Locales and Mechanisms of TrkB Activation Within Hippocampus
Understanding the mechanisms of limbic epileptogenesis in cellular and molecular terms may provide novel therapeutic targets for its prevention. The neurotrophin receptor tropomyosin-related kinase B (TrkB) is thought to be critical for limbic epileptogenesis. Enhanced activation of TrkB, revealed by immunodetection of enhanced phosphorylated TrkB (pTrkB), a surrogate measure of its activation, has been identified within the hippocampus in multiple animal models. Knowledge of the cellular locale of activated TrkB is necessary to elucidate its functional consequences. Using an antibody selective to pTrkB in conjunction with confocal microscopy and cellular markers, we determined the cellular and subcellular locale of enhanced pTrkB induced by status epilepticus (SE) evoked by infusion of kainic acid into the amygdala of adult mice. SE induced enhanced pTrkB immunoreactivity in two distinct populations of principal neurons within the hippocampus--the dentate granule cells and CA1 pyramidal cells. Enhanced immunoreactivity within granule cells was found within mossy fiber axons and giant synaptic boutons. By contrast, enhanced immunoreactivity was found within apical dendritic shafts and spines of CA1 pyramidal cells. A common feature of this enhanced pTrkB at these cellular locales is its localization to excitatory synapses between excitatory neurons, presynaptically in the granule cells and postsynaptically in CA1 pyramidal cells. Long-term potentiation (LTP) is one cellular consequence of TrkB activation at these excitatory synapses that may promote epileptogenesis.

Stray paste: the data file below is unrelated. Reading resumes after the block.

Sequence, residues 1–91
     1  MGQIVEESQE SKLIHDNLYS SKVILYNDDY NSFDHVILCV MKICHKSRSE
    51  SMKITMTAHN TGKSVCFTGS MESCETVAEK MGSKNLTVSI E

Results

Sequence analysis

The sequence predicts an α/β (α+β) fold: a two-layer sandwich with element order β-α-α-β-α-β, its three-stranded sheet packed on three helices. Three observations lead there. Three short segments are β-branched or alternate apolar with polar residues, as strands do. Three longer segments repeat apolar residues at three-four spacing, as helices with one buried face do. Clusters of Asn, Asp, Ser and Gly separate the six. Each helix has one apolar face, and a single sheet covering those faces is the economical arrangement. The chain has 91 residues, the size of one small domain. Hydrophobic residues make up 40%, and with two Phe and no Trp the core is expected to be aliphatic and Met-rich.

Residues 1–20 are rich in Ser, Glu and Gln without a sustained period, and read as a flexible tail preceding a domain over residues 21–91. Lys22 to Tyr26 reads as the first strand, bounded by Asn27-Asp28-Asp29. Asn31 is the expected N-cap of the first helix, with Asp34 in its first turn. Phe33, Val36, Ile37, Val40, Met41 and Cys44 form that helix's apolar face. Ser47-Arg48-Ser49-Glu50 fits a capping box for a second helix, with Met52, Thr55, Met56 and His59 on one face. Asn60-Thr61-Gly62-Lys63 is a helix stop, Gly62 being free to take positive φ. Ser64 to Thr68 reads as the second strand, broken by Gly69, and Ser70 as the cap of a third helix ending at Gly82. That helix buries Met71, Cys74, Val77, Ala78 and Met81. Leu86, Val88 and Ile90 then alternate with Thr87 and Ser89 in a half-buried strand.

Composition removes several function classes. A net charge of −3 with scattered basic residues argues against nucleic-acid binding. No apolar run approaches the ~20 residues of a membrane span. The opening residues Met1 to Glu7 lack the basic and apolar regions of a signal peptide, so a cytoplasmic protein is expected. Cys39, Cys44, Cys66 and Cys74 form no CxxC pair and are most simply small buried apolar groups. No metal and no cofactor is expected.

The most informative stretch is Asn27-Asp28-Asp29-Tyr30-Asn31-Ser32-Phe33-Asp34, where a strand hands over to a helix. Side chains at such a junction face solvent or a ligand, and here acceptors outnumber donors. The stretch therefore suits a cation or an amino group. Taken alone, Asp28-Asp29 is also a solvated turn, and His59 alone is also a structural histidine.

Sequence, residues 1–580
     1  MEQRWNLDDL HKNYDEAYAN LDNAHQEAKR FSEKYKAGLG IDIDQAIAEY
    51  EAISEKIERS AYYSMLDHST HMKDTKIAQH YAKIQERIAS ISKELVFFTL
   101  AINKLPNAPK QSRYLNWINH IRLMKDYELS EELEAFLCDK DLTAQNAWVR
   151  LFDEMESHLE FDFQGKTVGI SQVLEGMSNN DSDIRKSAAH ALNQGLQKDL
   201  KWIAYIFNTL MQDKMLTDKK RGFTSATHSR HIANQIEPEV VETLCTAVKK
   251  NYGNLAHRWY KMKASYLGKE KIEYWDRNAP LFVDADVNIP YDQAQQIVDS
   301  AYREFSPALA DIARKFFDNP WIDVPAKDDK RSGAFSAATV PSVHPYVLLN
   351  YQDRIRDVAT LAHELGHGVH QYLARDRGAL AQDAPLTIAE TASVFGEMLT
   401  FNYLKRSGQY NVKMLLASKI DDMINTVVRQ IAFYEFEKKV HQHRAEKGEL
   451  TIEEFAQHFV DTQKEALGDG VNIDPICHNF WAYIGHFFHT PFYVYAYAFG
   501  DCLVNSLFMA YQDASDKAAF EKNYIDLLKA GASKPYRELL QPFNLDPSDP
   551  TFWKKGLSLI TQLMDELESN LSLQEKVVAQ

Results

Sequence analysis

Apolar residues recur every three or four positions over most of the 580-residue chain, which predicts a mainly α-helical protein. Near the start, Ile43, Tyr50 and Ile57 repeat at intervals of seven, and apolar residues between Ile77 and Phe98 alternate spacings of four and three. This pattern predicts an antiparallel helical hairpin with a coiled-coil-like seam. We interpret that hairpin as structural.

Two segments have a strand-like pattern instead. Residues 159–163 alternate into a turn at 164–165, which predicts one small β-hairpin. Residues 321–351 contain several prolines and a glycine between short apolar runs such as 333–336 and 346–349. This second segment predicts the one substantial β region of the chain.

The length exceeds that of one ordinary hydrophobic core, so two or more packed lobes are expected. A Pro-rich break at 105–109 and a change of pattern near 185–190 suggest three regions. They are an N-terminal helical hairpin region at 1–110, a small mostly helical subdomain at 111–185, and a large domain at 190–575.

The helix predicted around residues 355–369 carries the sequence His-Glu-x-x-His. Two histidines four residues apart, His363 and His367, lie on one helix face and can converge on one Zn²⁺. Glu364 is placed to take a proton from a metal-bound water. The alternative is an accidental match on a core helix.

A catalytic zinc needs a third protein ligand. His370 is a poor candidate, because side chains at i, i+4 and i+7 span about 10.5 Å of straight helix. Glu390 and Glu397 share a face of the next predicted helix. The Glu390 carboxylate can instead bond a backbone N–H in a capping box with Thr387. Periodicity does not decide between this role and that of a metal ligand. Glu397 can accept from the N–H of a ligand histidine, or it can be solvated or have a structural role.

The importance of TrkB in diverse neuronal processes, as well as its involvement in various disorders of the nervous system, underscores the importance of understanding how it is activated. The canonical neurotrophin ligand which activates TrkB is brain derived neurotrophic factor (BDNF). Zinc, however, has also been demonstrated to activate this receptor through a mechanism whereby it does not directly interact with it, known as transactivation. Presynaptic vesicles of mossy fiber boutons of stratum lucidum are particularly enriched in zinc, where it is co-released with glutamate in an activity dependent fashion, and incorporated into these vesicles by the zinc transporter, ZnT3. Given the presence of large quantities of zinc within stratum lucidum, we hypothesized that this metal may contribute to TrkB transactivation at this locale. To this end, we examined the contributions of both BDNF and synaptic vesicular zinc to TrkB activation in stratum lucidum of mouse hippocampus under physiological conditions. Utilization of mice which are genetic knockouts for BDNF and/or ZnT3 allowed us to examine TrkB activation in the absence of one or both of these ligands. This was done using an antibody for pTrkB in conjunction with confocal microscopy, assaying immunoreactivity at the cellular and synaptic locales within stratum lucidum where pTrkB was previously found to be enriched. Our results suggest that BDNF contributes to TrkB activation within stratum lucidum. Interestingly, ZnT3 mice displayed an increase in BDNF protein and TrkB activation, demonstrating that synaptic zinc regulates BDNF and TrkB signaling at this locale.
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